Link Found Between Industry Payments to Oncologists and Non-Recommended Cancer Treatments, Study Reveals

Link Found Between Industry Payments to Oncologists and Non-Recommended Cancer Treatments, Study Reveals


A recent study published by The BMJ has found a link between payments made by the industry to oncologists and a higher likelihood of patients receiving non-recommended and low-value cancer treatments. This discovery raises concerns about the quality of care being provided to cancer patients and suggests a need to re-examine the current practice of personal payments from drug companies to physicians.

Previous research has consistently shown a connection between industry payments and prescribing behavior. However, until now, it has not been empirically evaluated whether these payments have positive or negative consequences for patient care.

To delve deeper into this issue, the researchers analyzed Medicare claims data of patients diagnosed with cancer between 2014 and 2019 who were at risk of receiving four specific non-recommended or low-value drugs. These drugs included denosumab, a bone modifying drug for castration-sensitive prostate cancer, granulocyte colony-stimulating factors (GCSF) to prevent neutropenic fever in patients undergoing chemotherapy, nab-paclitaxel as an alternative to paclitaxel for breast or lung cancer, and the use of branded cancer drugs when generic or similar versions were available.

The researchers used the Open Payments database, which tracks financial relationships between companies and physicians, to identify each patient’s assigned oncologist and any payments they had received from the manufacturers of the four drugs in the year leading up to the patient’s diagnosis.

The results of the study revealed that patients whose oncologist had received payments from the industry were more likely to be prescribed non-recommended treatments. For example, 49.5% of patients whose oncologist had received payments were prescribed denosumab, compared to 31.4% of patients whose oncologist had not received payments. Similar patterns were observed for GCSF, nab-paclitaxel, and branded drugs.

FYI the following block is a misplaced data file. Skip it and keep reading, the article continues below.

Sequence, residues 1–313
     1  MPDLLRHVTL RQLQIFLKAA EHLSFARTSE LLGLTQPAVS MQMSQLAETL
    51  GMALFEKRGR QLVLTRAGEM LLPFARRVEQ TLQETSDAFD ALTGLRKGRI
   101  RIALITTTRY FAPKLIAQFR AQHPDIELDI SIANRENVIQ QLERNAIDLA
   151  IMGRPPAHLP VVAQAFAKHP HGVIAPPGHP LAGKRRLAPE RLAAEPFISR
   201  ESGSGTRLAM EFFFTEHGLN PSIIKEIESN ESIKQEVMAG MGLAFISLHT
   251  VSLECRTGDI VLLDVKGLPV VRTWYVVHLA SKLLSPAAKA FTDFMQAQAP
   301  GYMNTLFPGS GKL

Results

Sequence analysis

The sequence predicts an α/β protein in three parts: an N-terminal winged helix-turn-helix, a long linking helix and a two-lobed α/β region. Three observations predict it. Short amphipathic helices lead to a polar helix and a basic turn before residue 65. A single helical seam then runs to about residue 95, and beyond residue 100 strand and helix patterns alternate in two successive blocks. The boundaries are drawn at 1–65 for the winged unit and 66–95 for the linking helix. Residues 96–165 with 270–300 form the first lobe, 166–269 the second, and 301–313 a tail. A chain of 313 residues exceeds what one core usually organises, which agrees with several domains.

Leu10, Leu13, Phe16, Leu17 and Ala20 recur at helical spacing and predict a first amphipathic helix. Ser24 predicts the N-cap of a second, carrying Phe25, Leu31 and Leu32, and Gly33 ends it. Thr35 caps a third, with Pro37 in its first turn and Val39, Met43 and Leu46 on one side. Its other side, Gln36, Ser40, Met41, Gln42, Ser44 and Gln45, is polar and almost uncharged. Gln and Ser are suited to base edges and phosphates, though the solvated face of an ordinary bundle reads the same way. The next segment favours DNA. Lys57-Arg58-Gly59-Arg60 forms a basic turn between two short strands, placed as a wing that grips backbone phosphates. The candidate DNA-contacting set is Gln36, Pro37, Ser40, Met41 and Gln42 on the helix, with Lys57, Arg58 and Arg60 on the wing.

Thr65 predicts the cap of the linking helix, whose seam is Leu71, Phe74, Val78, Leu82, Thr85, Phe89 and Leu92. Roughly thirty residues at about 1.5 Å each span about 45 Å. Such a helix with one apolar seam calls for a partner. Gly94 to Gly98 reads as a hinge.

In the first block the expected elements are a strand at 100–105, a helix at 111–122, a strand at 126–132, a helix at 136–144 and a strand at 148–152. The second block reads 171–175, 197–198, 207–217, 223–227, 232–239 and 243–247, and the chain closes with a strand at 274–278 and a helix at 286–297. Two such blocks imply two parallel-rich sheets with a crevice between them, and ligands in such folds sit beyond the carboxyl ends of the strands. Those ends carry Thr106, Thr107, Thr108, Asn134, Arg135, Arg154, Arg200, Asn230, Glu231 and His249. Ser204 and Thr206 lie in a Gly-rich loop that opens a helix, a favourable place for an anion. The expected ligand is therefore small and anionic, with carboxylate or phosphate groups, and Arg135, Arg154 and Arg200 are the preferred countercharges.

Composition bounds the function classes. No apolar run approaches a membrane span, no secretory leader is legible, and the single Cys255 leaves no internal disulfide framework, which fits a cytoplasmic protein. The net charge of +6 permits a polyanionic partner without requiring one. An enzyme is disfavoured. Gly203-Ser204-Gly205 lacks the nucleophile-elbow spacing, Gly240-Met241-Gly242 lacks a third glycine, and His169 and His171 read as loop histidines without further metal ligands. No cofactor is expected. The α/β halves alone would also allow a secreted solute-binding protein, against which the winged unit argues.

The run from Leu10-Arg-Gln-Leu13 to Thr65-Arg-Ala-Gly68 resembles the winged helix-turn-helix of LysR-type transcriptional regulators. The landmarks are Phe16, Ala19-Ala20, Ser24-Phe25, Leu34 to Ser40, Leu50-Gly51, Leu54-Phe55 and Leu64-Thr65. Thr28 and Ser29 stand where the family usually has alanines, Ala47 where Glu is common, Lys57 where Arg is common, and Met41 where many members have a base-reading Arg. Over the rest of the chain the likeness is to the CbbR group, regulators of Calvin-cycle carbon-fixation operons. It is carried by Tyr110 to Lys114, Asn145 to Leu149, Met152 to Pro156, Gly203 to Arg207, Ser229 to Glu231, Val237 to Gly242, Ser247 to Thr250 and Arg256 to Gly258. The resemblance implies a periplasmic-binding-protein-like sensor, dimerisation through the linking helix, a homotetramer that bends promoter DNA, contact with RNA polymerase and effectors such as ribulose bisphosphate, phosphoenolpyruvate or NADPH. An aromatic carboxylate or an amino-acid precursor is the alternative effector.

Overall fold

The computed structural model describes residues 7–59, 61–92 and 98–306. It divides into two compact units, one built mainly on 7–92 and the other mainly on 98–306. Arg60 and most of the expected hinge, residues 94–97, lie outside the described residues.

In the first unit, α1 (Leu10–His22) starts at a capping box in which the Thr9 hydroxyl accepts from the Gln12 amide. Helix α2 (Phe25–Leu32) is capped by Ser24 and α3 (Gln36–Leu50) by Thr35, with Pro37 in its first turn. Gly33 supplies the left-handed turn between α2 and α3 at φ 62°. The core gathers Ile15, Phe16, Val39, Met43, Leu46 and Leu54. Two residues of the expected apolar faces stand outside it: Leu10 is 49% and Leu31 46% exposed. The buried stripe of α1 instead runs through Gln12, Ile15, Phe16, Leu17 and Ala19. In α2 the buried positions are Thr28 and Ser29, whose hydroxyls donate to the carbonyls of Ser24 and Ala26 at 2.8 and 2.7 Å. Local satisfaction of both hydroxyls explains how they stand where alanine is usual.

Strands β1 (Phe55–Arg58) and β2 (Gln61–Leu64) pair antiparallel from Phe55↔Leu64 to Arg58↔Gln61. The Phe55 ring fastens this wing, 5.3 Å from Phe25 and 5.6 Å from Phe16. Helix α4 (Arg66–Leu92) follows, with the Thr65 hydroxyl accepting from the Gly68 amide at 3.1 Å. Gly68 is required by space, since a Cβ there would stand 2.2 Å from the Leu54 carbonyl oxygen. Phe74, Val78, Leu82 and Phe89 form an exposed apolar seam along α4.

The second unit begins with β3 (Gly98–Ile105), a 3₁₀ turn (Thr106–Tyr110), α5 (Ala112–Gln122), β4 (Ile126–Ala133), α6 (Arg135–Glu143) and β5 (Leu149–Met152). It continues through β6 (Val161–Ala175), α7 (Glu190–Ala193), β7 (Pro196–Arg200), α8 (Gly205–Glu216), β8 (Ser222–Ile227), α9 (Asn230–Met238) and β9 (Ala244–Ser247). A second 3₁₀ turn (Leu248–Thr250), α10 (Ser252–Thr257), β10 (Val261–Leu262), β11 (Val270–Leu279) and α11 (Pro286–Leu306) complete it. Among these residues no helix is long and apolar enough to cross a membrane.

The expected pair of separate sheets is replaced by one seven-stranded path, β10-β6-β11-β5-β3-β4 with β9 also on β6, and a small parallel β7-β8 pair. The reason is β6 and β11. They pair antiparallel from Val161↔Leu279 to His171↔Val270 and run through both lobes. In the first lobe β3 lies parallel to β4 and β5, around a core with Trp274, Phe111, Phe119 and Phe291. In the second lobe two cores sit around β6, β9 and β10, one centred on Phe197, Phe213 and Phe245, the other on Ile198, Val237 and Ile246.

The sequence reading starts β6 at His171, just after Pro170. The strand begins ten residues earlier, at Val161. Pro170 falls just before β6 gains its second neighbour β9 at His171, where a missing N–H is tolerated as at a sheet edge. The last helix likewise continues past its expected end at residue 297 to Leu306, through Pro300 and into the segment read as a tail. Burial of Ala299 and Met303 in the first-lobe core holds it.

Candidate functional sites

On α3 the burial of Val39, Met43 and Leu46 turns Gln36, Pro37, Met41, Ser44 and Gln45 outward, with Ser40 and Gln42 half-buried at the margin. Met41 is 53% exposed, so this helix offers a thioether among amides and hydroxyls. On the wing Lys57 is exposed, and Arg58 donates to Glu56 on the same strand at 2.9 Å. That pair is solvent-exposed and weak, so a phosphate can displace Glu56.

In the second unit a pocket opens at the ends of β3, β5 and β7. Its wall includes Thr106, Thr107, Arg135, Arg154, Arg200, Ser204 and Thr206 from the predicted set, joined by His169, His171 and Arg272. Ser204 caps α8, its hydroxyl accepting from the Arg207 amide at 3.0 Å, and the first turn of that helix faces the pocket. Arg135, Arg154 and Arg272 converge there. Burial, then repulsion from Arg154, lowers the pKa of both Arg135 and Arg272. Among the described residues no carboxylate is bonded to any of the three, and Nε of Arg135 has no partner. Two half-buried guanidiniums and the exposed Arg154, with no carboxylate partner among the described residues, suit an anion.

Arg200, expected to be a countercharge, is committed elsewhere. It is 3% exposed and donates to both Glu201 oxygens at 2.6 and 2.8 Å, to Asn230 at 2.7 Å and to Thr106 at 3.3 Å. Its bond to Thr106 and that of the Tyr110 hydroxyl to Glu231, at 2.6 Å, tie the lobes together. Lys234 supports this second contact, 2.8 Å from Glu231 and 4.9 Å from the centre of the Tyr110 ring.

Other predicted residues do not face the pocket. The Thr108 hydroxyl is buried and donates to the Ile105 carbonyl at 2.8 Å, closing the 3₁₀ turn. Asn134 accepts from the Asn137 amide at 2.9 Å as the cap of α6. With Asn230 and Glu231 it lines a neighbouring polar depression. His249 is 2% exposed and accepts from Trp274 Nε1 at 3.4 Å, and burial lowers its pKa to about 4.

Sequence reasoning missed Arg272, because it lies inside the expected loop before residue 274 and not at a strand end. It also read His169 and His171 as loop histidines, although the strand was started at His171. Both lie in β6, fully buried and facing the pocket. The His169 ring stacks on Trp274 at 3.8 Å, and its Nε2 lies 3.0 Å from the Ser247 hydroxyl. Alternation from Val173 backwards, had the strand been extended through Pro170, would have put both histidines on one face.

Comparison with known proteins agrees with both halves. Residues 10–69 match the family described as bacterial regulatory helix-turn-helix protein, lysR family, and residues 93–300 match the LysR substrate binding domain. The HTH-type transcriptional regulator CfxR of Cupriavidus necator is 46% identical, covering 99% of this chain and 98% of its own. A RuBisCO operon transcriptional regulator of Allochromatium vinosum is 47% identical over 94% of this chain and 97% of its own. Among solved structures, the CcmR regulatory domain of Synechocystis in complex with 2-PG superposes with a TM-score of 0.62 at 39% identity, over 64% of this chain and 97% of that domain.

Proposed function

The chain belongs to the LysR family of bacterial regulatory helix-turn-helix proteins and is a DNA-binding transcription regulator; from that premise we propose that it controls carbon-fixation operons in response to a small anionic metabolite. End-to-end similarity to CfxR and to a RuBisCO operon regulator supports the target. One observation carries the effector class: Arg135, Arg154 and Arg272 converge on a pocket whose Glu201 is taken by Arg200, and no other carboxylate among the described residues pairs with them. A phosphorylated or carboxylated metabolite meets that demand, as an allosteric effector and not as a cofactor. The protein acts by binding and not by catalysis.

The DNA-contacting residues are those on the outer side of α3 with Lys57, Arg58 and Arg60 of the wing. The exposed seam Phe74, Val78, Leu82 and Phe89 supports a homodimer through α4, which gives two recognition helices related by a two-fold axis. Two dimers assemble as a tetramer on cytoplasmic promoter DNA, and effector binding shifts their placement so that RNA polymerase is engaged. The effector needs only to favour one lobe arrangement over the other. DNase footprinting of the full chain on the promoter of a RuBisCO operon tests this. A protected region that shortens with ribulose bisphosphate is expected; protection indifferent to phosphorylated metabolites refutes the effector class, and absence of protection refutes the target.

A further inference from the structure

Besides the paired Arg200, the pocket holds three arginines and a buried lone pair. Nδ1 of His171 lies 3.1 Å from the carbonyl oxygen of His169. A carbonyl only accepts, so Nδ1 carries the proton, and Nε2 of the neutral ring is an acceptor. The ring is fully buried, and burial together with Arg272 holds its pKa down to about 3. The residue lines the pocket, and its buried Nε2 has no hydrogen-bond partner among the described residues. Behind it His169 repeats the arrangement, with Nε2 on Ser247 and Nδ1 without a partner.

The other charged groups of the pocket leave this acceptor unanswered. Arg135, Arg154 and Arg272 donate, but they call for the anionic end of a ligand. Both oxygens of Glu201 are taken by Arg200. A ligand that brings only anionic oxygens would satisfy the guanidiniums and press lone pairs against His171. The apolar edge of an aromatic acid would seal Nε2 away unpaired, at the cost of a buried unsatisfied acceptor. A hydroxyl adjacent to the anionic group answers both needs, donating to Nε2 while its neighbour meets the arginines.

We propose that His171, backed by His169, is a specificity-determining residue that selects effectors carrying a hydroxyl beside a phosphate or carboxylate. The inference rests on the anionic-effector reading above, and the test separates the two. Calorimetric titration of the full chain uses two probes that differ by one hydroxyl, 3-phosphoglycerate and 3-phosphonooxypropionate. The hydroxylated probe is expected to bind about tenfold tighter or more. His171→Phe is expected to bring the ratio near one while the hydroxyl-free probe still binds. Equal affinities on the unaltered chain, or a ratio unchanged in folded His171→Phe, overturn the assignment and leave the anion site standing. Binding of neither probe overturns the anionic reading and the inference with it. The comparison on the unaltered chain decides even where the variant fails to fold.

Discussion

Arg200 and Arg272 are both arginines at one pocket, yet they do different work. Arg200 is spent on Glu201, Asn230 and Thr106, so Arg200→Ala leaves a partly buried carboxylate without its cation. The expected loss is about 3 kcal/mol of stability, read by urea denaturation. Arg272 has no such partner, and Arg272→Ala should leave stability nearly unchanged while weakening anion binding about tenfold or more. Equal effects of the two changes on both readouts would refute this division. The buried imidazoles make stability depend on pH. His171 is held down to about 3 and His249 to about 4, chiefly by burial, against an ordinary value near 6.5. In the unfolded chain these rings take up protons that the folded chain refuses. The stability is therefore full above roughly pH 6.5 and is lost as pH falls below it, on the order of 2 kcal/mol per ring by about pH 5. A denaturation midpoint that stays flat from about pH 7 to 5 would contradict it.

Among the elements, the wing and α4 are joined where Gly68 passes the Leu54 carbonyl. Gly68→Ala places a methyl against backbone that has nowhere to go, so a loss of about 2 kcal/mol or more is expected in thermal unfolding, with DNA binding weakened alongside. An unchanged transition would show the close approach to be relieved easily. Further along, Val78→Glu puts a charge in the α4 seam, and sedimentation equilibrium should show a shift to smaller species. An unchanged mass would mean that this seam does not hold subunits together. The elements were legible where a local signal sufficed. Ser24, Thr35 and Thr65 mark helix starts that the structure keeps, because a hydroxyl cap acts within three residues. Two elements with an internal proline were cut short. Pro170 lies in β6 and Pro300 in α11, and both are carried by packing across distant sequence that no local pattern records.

Even after adjusting for factors such as patient age, pre-existing conditions, income, and physician characteristics, the study found that industry payments were associated with a higher use of denosumab, GCSF, and nab-paclitaxel, but a lower usage of branded drugs.

Although this study only shows an association between industry payments and prescribing behavior and cannot establish causality, it highlights the potential negative impact of these payments on the care provided to individual patients.

Considering the concerns raised by this study regarding the quality of care, the researchers suggest it may be necessary to reconsider the practice of personal payments from the drug industry to physicians. They also emphasize the need for further research to determine the extent to which industry payments affect care quality in other settings.

It is important to note that this research is an observational study, and there may be limitations such as misclassification in claims data and a narrow focus on specific patients and interventions. Nevertheless, it provides valuable insights into the influence of industry payments on physicians’ behavior and its potential consequences for patient care.


  1. Source: Coherent Market Insights, Public sources, Desk research
  2. We have leveraged AI tools to mine information and compile it